•  
  •  
 

Document Type

Research

Abstract

Plant physiologists throughout the years have used various substrates in an attempt to secure one which would give plant responses comparable to those of soil. Plants grown in water culture method, as practiced by the physiologist of the nineteenth century, showed little correlation with those grown in solid substrates or soil. Plants grown in chemically inert sand give results closer to those in soil but serious limitations are still encountered. In recent years gravel and other coarse mineral materials have been employed and the plant growth responses obtained correlate quite closely with those found when soil is used. Certain disadvantages have been found with many mineral media which are not totally inert, physically or chemically. Often the physical phenomena of adsorption and ionic replacement have been found to seriously alter the composition of the nutrient solution when mineral substrate is used. The bringing of the mineral into soluble form by the root acid has also been a definite drawback.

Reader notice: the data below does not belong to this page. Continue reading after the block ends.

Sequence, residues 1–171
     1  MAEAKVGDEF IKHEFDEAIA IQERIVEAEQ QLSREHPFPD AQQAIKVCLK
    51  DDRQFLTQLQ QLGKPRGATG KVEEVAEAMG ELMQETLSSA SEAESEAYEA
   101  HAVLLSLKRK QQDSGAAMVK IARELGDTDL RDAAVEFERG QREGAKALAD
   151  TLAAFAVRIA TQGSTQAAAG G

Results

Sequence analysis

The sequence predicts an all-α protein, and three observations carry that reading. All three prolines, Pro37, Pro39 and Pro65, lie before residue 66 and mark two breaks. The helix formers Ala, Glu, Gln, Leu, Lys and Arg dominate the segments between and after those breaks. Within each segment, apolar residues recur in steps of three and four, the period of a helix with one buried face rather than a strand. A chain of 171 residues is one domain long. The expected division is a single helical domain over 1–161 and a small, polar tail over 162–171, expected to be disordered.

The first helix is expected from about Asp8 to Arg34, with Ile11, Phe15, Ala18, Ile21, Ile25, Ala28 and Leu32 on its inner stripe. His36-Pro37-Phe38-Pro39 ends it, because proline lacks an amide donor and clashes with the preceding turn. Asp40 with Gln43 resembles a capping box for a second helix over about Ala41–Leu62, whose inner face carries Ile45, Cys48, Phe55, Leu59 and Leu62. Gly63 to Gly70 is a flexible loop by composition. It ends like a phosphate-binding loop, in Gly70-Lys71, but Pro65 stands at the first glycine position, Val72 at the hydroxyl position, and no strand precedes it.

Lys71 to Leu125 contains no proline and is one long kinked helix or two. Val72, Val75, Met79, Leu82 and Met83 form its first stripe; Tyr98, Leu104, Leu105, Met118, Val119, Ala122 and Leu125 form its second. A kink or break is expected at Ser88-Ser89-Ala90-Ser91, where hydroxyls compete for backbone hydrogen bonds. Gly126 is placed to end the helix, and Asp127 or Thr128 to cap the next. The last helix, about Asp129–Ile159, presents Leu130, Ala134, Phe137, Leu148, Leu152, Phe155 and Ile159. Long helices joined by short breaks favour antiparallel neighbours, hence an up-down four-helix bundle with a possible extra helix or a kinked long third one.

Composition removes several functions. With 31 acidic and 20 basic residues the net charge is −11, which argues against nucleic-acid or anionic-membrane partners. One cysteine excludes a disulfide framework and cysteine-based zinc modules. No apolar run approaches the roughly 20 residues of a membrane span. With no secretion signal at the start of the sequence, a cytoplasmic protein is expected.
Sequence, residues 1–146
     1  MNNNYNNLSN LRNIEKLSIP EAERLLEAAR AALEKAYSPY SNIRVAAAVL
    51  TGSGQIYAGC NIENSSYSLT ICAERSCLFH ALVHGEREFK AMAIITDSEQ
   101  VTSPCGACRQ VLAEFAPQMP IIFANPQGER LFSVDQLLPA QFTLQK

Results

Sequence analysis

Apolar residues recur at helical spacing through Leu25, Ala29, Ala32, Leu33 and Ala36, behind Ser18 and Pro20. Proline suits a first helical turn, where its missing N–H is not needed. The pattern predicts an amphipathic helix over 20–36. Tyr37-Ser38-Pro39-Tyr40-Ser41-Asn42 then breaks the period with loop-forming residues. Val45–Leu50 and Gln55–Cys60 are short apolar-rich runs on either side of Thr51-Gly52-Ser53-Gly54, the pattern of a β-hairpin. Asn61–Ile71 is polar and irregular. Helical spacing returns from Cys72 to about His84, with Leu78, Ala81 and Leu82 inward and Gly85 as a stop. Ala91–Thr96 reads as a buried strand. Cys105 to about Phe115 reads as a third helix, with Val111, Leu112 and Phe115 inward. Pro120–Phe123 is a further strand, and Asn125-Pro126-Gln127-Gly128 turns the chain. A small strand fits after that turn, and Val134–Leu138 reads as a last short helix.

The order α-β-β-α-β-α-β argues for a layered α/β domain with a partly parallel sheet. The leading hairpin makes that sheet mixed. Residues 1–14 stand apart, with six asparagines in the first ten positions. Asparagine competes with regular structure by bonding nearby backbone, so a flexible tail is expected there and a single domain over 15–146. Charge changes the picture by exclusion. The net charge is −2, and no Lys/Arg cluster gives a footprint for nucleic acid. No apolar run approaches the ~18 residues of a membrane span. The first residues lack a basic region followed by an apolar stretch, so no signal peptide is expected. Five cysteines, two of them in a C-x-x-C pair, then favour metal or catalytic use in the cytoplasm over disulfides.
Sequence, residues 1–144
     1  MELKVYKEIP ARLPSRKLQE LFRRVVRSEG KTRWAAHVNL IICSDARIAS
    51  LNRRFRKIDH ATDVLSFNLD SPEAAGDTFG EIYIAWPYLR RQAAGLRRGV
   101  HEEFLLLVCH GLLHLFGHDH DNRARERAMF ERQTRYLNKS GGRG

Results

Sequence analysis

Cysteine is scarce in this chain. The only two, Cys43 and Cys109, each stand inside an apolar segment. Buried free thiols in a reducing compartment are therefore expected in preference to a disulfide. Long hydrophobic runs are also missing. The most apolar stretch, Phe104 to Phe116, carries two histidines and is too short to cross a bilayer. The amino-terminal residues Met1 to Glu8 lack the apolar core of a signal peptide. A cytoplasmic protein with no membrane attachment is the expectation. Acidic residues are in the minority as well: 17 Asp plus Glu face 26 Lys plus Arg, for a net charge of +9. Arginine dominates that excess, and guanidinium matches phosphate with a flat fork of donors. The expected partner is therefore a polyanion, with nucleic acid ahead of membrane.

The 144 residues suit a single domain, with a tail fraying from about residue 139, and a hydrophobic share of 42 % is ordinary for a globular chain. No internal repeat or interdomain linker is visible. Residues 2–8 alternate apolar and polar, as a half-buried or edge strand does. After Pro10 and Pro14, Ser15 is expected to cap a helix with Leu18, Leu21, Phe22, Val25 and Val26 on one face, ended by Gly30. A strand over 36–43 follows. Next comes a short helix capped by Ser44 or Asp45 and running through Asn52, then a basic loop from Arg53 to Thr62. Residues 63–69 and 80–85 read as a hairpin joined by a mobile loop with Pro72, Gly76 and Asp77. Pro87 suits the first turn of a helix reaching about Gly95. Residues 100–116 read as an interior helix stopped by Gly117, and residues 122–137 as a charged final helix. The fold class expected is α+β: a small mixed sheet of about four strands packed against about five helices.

Publication Date

1948

Journal Title

Proceedings of the Iowa Academy of Science

Volume

55

Issue

1

First Page

185

Last Page

197

Copyright

© Copyright 1948 by the Iowa Academy of Science, Inc.

Language

EN

File Format

application/pdf

Share

COinS
 

To view the content in your browser, please download Adobe Reader or, alternately,
you may Download the file to your hard drive.

NOTE: The latest versions of Adobe Reader do not support viewing PDF files within Firefox on Mac OS and if you are using a modern (Intel) Mac, there is no official plugin for viewing PDF files within the browser window.